University of California students might be headed to study in Israel for the first time in six years.
The University of California is currently in the final stages of negotiating with the Rothberg International School at Hebrew University of Jerusalem to reinstate the Education Abroad Program, which was suspended in 2002 following the placement of Israel on the State Department’s travel warning list.
“We expect that applications to the program will be available sometime in the summer of 2009, and students will begin studying during the fall of 2009,” said Chris Harrington, director of national media communications in the UC Office of the President.
In April 2002, 27 students were recalled from study abroad programs in Israel in response to escalating violence in the Middle East, according to a UC newsroom press release.
“This is not the first time we’ve had to do this,” Harrington said. “The EAP program also temporarily shut down activities in China following the Tiananmen Square massacre, in the Middle East during the Gulf War and in Indonesia during a period of civil uprisings.”
According to statistics published by the Institute of International Education, which has conducted a survey on study abroad flows since 1985, for the last ten years the Middle East has recorded the second lowest overall number of study abroad students from the United states. The only host region consistently ranking below the Middle East for U.S. student participation is North America.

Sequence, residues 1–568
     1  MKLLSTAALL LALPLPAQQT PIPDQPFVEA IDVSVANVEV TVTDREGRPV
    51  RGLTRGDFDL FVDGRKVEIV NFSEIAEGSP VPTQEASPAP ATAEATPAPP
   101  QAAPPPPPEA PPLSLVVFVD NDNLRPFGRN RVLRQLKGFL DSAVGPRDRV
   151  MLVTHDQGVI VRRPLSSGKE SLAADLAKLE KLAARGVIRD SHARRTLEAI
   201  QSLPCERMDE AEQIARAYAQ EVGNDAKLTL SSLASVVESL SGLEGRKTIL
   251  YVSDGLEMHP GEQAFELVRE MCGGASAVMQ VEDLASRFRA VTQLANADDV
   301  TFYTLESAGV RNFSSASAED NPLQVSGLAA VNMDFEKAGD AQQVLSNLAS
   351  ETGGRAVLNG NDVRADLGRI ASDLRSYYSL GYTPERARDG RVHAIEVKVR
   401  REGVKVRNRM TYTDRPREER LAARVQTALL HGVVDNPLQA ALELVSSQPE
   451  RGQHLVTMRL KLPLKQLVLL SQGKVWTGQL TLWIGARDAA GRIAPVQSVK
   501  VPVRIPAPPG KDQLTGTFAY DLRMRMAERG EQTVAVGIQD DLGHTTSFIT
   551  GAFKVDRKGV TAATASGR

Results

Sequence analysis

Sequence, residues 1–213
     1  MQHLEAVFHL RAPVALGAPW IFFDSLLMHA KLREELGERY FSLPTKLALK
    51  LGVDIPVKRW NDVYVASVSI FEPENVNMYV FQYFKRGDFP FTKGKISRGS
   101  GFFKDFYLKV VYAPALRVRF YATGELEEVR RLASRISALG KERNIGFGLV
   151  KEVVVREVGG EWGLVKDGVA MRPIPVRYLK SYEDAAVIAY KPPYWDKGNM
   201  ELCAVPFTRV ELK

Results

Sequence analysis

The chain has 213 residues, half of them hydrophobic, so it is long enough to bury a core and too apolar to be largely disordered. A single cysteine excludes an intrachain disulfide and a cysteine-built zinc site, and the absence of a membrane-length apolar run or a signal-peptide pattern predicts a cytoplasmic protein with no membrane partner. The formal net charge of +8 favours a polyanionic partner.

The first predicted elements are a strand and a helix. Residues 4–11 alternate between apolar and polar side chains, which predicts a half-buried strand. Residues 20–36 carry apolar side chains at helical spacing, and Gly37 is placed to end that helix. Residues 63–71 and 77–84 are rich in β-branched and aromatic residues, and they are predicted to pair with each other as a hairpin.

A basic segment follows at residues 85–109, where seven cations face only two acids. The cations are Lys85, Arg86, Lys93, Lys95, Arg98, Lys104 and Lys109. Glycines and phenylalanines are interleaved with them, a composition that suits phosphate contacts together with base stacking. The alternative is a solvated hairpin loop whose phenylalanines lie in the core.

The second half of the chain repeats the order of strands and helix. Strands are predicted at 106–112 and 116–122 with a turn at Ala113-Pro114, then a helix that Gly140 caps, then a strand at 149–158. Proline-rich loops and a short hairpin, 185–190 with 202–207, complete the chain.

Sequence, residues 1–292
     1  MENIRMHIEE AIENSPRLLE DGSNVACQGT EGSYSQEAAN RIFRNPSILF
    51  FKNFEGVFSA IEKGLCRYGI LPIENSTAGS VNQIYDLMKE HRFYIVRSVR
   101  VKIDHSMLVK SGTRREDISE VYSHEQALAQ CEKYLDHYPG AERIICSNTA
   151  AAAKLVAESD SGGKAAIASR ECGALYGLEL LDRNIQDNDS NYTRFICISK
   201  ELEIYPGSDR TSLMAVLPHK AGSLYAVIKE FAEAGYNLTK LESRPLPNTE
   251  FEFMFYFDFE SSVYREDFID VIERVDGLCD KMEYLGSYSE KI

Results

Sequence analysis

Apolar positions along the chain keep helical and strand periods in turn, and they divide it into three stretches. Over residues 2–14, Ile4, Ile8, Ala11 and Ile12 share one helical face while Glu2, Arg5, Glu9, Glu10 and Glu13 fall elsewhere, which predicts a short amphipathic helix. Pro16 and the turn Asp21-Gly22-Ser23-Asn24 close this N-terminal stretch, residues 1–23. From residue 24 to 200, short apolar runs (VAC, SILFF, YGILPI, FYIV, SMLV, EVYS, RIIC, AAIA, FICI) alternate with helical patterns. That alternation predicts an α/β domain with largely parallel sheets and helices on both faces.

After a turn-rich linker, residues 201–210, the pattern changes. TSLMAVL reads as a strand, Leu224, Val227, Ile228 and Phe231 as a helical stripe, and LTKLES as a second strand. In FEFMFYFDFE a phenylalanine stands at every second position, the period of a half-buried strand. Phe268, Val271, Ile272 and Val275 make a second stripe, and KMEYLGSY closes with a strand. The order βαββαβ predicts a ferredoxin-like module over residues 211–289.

U.S. student numbers plummeted to an all time low in the 2002 to 2003 school year, when less than one percent of students studied in the Middle East, but they have climbed steadily ever since to 1.2 percent in 2006 to 2007.
“By reopening this program we’re hoping to regenerate interest in an area that can provide unique cultural and academic opportunities for students and staff,” Harrington said.
“Other UC programs in the Middle East are located in Turkey and Egypt,” said Inez DeRomana, principle policy analyst of Safety, Security and Health Affairs for EAP.
It is UC policy not to sponsor study abroad programs in countries with a travel warning, however in recent years this policy has been subject to a number of revisions.
An exception was granted in the case of Israel, “contingent upon implementing certain provisions pertaining to the university’s ongoing monitoring and management of risk,” according to a UC newsroom press release.
The press release also stated that in order to adequately fulfill these contingencies the UC “now has access to the services of a leading corporation specializing in risk management technology, integrated crisis response and the analyses and assessment of intelligence and changing conditions for regions around the world.”
“For security reasons we can not name that corporation,” Harrington said, “but we’re very pleased with their services, they provide us with intelligence and information in a number of locations across the globe.”
EAP currently operates academic programs in 34 countries at 121 universities.
“The number of EAP programs has remained relatively stable over the past several years” DeRomana said.
CHARLES HINRIKSSON can be reached email@example.com.